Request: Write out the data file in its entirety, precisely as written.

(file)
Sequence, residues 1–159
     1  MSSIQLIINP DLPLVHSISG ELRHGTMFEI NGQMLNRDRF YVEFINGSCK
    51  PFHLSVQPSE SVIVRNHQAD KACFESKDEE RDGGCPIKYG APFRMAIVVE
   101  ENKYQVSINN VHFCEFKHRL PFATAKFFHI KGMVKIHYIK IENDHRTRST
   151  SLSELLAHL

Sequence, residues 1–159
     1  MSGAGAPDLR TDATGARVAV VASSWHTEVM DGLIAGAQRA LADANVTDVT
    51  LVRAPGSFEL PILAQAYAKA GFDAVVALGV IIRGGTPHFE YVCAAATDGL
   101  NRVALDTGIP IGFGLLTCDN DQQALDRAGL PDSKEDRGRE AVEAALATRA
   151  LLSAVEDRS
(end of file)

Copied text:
Sequence, residues 1–159
     1  MSSIQLIINP DLPLVHSISG ELRHGTMFEI NGQMLNRDRF YVEFINGSCK
    51  PFHLSVQPSE SVIVRNHQAD KACFESKDEE RDGGCPIKYG APFRMAIVVE
   101  ENKYQVSINN VHFCEFKHRL PFATAKFFHI KGMVKIHYIK IENDHRTRST
   151  SLSELLAHL

Sequence, residues 1–159
     1  MSGAGAPDLR TDATGARVAV VASSWHTEVM DGLIAGAQRA LADANVTDVT
    51  LVRAPGSFEL PILAQAYAKA GFDAVVALGV IIRGGTPHFE YVCAAATDGL
   101  NRVALDTGIP IGFGLLTCDN DQQALDRAGL PDSKEDRGRE AVEAALATRA
   151  LLSAVEDRS